The market potential of hydrocarbons in China’s room air conditioning (AC) industry is vast, as HCFC replacement requirements start biting. China’s leading domestic AC producer Gree believes that a "golden age" for HCFC-free including R290 ACs will come in the next decade, according to a recent interview by Chinese media source www.ce.cn.
In China, the most widely used hydrochlorofluorocarbons (HCFCs) are HCFC-22, -141b and -142b. In the air conditioning industry, HCFC-22 represents more than 90% of the refrigerant use. At present, the main alternative to HCFC-22 is R410A, which however has a high Global Warming Potential (GWP).
Chinese government reconsiders feasibility of hydrocarbons
When it comes to low GWP options, in the past hydrocarbons used to be out of the government's consideration: they were viewed as immature technology with safety concerns hindering their wide application. However, rapid development with hydrocarbon technology in recent years has made many industrial stakeholders as well as the government reconsider the feasibility of hydrocarbons to replace HCFCs.
As a recent manifestation of change, Shenzhen became China's first officially approved pilot city for hydrocarbon air conditioning.
Industry preparing for imminent HCFC phase-out targets
With the 2013 freeze and 2015 10% reduction targets in HCFC consumption fast approaching, the industry is increasingly looking at alternatives.
China’s first technology roadmap for the home appliance industry in 2011 set a target to achieve the industrialisation of hydrocarbon technology in the air conditioning industry and calls upon AC producers to widely adopt low GWP R290 as refrigerant.
Replacement waves in China's AC market
With China having entered into a period of replacing HCFC in home air conditioners, many domestic producers in China either no longer manufacture or reduce production scale of HCFC based ACs.
HCFC ACs have become slow-selling products in home appliance stores in many big cities while HCFC free products are becoming the first choice for some consumers. Most Chinese consumers are planning to replace their HCFC air conditioner when the price of HCFC-free air conditioners is reduced to a level they can afford.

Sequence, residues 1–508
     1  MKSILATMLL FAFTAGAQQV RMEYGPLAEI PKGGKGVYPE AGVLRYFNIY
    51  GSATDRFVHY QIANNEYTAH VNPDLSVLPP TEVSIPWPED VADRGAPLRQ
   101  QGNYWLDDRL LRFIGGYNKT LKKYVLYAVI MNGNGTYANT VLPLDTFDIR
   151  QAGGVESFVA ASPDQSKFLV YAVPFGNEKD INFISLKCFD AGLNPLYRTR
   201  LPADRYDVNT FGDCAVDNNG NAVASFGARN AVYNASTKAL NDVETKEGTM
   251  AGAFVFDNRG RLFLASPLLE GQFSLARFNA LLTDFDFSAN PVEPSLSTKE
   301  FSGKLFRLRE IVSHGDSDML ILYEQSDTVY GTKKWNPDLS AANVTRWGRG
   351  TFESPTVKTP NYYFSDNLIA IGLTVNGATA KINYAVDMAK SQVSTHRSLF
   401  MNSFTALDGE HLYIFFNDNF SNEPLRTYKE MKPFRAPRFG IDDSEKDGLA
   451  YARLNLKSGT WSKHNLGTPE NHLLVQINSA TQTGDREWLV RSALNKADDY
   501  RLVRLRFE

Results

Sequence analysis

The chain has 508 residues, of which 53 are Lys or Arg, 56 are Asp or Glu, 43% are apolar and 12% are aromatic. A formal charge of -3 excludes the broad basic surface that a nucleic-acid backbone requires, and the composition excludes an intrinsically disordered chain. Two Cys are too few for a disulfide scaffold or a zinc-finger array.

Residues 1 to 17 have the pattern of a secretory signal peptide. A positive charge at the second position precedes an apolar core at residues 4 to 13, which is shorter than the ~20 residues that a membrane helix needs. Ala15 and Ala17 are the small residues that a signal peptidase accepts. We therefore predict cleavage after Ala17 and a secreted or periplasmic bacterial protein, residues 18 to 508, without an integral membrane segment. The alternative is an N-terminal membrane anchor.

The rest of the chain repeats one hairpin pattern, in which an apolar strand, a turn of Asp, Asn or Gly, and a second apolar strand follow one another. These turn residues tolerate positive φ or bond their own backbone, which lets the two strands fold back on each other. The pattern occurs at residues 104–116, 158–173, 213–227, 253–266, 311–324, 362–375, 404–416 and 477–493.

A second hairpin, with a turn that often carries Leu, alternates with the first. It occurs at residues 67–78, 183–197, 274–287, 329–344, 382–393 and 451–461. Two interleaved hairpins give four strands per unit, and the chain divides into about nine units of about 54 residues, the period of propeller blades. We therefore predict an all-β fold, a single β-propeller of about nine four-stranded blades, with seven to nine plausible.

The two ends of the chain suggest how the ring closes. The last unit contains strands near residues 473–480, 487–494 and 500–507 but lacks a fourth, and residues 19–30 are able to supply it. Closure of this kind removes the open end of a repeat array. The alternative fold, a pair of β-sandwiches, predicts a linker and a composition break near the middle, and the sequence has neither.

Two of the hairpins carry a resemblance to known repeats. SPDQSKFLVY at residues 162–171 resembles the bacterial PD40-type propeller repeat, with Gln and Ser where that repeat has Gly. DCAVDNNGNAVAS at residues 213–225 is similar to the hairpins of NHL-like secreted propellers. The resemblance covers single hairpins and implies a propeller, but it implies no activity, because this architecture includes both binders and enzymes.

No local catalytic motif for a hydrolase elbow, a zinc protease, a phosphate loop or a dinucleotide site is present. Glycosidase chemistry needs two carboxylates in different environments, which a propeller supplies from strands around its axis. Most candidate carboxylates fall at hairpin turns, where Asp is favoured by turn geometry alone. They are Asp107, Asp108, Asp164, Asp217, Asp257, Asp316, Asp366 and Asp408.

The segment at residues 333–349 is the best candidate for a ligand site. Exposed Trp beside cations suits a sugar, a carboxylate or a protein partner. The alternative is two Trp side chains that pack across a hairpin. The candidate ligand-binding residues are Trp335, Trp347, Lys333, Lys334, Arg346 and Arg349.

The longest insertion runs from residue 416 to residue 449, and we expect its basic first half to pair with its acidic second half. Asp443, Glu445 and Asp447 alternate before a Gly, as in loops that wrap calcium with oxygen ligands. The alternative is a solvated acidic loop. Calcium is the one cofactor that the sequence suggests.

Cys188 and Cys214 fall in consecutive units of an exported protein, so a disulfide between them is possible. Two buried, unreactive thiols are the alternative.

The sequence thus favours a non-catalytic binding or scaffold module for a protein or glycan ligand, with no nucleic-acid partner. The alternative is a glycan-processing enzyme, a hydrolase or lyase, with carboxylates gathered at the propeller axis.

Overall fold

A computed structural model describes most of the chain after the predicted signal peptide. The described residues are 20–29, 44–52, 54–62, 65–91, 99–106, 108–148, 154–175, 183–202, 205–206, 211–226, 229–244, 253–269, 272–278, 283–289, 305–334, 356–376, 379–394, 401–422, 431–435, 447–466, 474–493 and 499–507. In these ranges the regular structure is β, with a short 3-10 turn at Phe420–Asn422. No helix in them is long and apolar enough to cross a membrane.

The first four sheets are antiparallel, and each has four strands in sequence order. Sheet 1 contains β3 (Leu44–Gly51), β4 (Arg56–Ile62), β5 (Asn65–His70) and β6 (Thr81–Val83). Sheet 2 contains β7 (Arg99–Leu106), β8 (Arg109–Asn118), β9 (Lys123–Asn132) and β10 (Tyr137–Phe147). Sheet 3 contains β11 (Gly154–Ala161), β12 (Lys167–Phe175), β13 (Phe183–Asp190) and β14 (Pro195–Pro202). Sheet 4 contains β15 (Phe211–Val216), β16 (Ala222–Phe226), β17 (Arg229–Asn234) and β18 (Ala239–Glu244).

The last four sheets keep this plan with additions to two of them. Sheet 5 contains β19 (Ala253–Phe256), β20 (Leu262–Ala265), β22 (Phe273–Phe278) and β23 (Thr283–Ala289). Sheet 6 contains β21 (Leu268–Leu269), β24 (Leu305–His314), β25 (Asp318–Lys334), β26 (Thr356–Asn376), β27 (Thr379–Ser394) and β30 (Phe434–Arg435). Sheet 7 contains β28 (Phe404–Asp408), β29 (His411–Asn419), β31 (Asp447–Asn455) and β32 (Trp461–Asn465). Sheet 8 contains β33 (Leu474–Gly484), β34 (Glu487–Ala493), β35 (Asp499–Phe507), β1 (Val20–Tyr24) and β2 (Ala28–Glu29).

In the current AC market, most HCFC free air conditioners use R410A as refrigerant. However, industrial insiders in China believe that with the lifting of the "essential" ban on hydrocarbons signalled by the government, the natural refrigerant could soon become the mainstream in the air conditioning market.
Gree: China will enter into the age of HCFC-free AC
China’s major AC producers take the official signal seriously and are responding actively. In a recent interview conducted by Chinese website www.ce.cn, the CEO of Gree Ms. Dong Mingzhu stated that although China has not introduced a formal standard for HCFC-free products, HCFC-free air conditioners is the general trend.
Ms. Dong also indicated her optimistic expectation to Gree's R290 air conditioners. She said Gree’s R290 technology is already mature enough to put into large-scale production and commercial application. After a two-year effort, Gree has established a production line, which can produce 100,000 R290 air conditioners per year.
Countries like the Maldives are using Gree’s hydrocarbons air conditioners, and similar projects could be implemented across China. From this point of view, Ms. Dong believes China will soon welcome a new era for R290 AC.
Multi-national end-users' HFC phase-out plan
Multi-national end-users such as McDonalds, Tesco, the Coca-Cola Company, Carrefour and Nestle are planning to phase out the use of HFCs in all their refrigeration equipment as of 2015.
All of these companies have factories or large-scale cold storages in China. Tesco has already built two supermarkets with cascade CO2 refrigeration systems in China. Carrefour is also considering installing refrigeration systems using natural refrigerants in stores in China. The demand for low GWP refrigerants like hydrocarbons and CO2 is therefore expected to be on the increase in China in the next decade.